When patients in the Detroit area go to the emergency room, either on their own or via ambulance, it is because they need immediate and prompt medical care.
As a result, emergency rooms are often high-stress places, with doctors and other staff having to work quickly to treat patients, oftentimes saving their lives in the process. As with any other high-stress environment, mistakes are more likely to happen.
For this reason, doctors and other medical professionals who work in emergency rooms have to be on guard against emergency room errors and other issues that lead to patients being in a worsened condition or even dying.
Even medical malpractice insurers acknowledge that the data shows that medical professionals are at least partially responsible for most of these critical errors.
In over half of all cases, some problem with the way doctors evaluated their patients played a role. Usually, the problem involved a misdiagnosis due to a doctor's going with his gut and not considering other possible diagnoses or even doing appropriate testing.
In some cases, a patient who needed to stay put got sent home from the emergency room, perhaps because the staff was simply in too big of a hurry to fully evaluate the patient's condition.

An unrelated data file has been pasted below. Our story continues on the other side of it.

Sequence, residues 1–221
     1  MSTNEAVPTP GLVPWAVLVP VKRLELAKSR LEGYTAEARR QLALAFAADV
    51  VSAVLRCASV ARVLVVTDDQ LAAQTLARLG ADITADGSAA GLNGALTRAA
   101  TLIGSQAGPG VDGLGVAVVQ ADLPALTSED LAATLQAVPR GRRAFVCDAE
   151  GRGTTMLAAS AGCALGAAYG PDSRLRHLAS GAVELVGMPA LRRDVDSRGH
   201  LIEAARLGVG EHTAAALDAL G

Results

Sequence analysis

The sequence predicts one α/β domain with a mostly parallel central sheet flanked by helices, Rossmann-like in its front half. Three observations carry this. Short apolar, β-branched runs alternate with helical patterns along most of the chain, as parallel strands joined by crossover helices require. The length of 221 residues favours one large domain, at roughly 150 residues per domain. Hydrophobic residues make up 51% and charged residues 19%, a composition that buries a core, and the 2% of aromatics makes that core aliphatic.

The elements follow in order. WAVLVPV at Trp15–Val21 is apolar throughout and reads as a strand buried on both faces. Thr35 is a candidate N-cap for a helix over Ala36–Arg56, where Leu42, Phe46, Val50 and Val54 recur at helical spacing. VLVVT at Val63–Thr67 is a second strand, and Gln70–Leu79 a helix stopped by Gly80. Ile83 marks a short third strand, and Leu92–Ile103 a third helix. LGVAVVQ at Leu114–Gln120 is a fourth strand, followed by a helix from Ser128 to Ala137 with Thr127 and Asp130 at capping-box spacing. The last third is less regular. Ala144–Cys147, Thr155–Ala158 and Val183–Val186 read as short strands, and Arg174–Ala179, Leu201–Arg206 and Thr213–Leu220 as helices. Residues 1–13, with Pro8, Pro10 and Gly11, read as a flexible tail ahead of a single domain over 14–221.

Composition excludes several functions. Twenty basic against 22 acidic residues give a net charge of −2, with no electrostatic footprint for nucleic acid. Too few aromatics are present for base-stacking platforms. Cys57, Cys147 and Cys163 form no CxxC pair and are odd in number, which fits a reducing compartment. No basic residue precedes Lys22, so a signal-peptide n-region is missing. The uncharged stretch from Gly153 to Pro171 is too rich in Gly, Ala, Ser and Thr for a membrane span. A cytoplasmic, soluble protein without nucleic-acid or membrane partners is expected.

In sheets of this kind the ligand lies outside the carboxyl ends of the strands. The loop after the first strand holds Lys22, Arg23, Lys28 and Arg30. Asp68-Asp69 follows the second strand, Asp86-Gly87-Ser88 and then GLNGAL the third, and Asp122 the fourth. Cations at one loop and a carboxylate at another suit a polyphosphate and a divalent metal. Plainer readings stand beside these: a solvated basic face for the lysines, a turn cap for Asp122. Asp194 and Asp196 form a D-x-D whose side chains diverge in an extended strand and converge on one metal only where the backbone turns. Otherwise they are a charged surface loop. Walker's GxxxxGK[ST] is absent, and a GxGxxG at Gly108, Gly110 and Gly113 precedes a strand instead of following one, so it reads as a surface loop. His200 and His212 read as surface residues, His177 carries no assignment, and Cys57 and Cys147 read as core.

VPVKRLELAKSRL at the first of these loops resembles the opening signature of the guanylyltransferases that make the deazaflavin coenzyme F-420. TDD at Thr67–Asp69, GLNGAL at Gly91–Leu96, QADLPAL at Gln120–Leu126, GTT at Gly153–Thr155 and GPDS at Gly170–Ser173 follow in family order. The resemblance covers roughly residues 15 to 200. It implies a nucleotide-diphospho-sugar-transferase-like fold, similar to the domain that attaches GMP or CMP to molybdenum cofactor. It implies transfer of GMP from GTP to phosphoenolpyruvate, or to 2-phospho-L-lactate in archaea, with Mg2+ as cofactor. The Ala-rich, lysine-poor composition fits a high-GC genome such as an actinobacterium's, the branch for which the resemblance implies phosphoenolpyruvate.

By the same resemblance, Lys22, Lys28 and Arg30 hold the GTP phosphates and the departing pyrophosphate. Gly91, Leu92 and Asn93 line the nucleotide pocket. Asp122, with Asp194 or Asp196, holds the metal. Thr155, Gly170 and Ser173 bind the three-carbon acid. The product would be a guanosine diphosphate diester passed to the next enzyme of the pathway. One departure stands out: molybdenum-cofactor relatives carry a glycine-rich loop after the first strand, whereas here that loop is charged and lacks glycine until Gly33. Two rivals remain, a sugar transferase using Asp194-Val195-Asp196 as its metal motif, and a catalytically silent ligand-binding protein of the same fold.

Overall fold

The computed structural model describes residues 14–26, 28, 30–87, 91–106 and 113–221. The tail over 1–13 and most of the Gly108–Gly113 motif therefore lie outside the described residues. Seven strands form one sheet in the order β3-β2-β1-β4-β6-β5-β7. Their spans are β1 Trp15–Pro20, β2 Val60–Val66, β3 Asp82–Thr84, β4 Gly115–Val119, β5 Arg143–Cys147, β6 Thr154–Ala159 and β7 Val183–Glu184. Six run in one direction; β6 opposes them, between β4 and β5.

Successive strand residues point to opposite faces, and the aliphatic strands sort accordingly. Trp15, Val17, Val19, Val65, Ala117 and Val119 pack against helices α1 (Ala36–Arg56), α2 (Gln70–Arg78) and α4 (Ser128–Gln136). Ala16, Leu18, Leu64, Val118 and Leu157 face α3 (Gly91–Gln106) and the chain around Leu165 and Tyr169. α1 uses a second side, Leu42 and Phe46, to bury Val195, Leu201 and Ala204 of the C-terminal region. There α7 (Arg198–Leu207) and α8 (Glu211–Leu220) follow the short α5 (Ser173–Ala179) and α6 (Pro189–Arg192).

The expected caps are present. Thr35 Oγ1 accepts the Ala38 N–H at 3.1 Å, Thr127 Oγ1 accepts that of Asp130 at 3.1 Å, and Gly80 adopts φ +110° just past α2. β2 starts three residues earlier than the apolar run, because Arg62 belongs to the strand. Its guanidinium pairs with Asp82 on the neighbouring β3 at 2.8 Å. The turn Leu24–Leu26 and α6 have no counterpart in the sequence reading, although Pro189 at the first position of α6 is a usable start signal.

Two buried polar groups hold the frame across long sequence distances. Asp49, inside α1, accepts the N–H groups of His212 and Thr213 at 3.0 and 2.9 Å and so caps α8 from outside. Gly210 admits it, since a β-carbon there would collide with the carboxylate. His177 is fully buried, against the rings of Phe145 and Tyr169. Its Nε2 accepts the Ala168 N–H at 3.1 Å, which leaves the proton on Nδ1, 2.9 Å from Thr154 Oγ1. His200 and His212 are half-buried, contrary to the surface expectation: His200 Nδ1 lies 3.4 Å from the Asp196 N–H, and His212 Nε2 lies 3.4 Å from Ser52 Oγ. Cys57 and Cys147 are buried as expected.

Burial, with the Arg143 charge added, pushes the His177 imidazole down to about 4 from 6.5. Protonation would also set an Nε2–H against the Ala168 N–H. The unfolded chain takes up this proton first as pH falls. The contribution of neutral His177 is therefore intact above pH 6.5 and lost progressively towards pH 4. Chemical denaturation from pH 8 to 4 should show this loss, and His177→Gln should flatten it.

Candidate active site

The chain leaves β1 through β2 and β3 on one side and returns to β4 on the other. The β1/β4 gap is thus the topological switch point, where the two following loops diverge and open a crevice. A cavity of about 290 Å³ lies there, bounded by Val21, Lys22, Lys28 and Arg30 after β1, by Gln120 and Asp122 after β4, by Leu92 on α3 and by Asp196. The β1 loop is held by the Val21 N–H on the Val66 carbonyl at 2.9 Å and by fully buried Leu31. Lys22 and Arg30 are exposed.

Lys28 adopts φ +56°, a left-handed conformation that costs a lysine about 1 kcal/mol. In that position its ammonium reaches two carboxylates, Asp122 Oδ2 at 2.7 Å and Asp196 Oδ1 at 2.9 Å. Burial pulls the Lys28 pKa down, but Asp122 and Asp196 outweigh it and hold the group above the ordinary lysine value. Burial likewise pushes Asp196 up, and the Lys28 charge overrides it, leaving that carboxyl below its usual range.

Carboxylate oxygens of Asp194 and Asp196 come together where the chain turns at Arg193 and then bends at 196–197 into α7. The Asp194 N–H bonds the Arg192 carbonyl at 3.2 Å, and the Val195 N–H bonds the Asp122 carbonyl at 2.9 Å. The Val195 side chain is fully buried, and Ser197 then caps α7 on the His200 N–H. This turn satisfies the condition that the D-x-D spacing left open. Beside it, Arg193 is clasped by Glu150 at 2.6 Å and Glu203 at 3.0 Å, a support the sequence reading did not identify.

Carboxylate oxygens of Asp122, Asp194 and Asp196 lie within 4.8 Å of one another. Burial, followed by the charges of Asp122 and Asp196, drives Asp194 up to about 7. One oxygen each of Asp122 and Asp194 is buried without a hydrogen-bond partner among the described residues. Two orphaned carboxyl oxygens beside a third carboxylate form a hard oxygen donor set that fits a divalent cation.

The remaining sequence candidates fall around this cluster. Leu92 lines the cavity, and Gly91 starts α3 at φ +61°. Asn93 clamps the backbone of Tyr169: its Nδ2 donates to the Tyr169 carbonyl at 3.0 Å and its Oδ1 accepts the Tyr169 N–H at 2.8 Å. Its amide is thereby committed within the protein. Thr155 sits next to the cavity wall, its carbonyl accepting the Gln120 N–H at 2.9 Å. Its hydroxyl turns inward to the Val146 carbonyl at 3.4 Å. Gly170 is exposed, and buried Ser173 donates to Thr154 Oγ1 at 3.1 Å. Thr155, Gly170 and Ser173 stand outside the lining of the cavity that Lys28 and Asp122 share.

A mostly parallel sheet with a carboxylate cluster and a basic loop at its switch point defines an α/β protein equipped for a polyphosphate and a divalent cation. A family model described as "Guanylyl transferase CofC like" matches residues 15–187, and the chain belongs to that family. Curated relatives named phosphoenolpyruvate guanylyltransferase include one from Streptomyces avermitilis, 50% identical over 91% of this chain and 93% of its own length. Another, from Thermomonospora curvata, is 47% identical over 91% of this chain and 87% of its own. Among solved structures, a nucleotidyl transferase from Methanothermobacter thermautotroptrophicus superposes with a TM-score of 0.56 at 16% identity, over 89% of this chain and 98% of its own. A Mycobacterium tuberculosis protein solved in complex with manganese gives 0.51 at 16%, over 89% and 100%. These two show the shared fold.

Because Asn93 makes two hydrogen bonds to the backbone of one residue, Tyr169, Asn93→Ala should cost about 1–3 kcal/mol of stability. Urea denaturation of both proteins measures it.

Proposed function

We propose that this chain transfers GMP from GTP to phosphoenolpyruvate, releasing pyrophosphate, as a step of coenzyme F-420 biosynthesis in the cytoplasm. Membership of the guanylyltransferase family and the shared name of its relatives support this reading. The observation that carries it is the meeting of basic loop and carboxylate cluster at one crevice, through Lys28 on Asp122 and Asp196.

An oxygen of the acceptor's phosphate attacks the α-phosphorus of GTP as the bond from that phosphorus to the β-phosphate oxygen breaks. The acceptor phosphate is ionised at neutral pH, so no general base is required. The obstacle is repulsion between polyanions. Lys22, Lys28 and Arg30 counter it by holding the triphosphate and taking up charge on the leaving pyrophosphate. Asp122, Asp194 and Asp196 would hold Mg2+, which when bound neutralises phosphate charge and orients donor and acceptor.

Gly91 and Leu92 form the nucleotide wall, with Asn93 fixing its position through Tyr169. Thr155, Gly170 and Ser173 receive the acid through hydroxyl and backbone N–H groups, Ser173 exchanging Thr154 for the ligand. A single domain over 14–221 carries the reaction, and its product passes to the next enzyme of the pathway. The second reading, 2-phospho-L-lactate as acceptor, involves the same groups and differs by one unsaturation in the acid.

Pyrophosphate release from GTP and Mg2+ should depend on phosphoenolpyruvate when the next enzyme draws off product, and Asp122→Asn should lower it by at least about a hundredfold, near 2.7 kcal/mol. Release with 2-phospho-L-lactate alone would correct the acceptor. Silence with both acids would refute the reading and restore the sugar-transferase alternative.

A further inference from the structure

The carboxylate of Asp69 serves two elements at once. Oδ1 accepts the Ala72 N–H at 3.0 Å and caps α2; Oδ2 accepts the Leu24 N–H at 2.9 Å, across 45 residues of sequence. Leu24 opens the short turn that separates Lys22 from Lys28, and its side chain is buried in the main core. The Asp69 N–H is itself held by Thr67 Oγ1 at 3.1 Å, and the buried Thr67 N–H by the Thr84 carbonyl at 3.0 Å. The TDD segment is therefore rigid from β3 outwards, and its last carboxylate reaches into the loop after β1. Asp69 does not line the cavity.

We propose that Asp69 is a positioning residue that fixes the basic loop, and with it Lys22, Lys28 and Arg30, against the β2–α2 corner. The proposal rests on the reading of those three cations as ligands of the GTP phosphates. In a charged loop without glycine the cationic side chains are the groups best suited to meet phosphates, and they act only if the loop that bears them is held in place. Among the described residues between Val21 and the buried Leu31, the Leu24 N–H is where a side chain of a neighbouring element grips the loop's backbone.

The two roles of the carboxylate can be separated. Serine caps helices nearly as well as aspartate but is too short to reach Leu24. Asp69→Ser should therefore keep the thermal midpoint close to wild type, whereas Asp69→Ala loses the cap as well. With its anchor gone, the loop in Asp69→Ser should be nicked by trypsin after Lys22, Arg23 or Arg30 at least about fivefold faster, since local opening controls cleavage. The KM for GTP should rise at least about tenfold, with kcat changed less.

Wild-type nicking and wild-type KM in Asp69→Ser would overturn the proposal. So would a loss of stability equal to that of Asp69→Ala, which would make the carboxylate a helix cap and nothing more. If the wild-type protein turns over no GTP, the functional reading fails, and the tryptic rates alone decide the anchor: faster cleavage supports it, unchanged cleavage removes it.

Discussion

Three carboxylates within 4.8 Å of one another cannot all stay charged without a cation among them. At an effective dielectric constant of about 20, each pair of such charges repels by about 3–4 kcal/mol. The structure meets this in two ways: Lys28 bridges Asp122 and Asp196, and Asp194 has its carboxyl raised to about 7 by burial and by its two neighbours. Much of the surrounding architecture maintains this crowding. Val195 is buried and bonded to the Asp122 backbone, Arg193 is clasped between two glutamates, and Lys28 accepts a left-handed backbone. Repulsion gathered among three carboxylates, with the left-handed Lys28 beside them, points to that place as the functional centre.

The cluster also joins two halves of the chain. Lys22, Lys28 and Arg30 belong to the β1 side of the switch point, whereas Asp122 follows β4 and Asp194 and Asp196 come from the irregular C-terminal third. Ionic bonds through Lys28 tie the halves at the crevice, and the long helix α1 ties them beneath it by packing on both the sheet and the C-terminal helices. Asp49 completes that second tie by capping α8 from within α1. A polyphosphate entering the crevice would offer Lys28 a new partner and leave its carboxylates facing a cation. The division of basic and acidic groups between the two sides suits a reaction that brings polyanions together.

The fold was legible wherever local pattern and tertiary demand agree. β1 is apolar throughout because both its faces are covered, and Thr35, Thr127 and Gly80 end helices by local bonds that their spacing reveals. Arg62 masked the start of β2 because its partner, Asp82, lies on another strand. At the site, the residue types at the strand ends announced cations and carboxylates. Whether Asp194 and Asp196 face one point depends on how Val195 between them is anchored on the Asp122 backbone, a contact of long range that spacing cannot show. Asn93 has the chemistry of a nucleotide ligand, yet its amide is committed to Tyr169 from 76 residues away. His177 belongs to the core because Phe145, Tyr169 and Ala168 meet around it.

Another factor leading to errors in the emergency room include bad communication either with the patient or even with other staff. Not reviewing or noting important medical information was also a factor. Perhaps not surprisingly, being too busy or short staffed was also a common problem.
The data showed that on too many occasions, people who showed signs of a life-threatening medical problem waited for hours before being seen. By the time staff got to them, it was too late to avoid injury.
Being in a high-stress environment is not an excuse for medical malpractice. A Michigan patient or patient's family who has been injured because of emergency room errors may have the right to pursue compensation.